“PARIS is the only city in the world where it is hard to find a taxi.” So in 2008 said an embarrassed Nicolas Sarkozy, then France’s president, exasperated by the near-impossibility of hailing a cab on the capital’s streets. He vowed to fix the problem, but backed down after cabbies blocked the streets during days of protest. Six years on, his Socialist successor, François Hollande, is again facing up to taxi drivers, this time as incumbents try to keep out smartphone-enabled private cabs.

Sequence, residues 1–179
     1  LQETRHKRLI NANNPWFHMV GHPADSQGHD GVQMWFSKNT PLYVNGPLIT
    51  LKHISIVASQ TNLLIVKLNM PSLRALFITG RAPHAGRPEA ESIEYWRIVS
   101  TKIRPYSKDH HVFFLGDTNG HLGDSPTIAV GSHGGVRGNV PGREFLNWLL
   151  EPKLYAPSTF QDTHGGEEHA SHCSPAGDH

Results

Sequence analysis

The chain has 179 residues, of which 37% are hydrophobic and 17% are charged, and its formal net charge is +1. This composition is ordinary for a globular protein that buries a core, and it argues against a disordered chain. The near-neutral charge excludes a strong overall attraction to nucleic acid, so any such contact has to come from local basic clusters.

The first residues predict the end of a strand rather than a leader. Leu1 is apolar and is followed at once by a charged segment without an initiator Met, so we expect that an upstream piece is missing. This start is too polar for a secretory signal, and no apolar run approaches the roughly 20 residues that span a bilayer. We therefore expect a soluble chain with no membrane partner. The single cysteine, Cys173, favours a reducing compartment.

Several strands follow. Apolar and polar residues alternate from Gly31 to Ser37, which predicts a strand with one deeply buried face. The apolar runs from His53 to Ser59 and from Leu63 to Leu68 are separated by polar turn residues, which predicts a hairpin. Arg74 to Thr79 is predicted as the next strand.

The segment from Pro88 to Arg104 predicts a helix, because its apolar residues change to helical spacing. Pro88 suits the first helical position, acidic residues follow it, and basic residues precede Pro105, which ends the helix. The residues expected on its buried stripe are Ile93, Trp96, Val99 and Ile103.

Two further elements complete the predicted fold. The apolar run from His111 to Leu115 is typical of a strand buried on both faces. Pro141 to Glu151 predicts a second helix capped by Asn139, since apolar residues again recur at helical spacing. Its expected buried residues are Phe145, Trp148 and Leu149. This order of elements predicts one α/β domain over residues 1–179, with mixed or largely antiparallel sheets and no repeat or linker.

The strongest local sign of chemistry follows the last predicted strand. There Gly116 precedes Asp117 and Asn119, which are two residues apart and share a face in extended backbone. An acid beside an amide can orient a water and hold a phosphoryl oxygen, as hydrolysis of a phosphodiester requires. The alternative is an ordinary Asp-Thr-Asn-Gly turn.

In rolling strikes this week, scores of licensed taxi drivers jammed the traffic by blocking intermittently the ring-road or périphérique, access to airports and the Place de la Concorde. Their gripe? The emergence of new private cab services, known as voitures de tourisme avec chauffeur, which can be ordered via a mobile app. With 17,600 licensed taxis, the Paris region is not far off London’s total of 22,000 black cabs. But the French capital has a dearth of minicabs: just a few thousand, against 50,000 in London. Until recently, it has been all but impossible in Paris to pre-book reasonably priced, fixed-fare trips.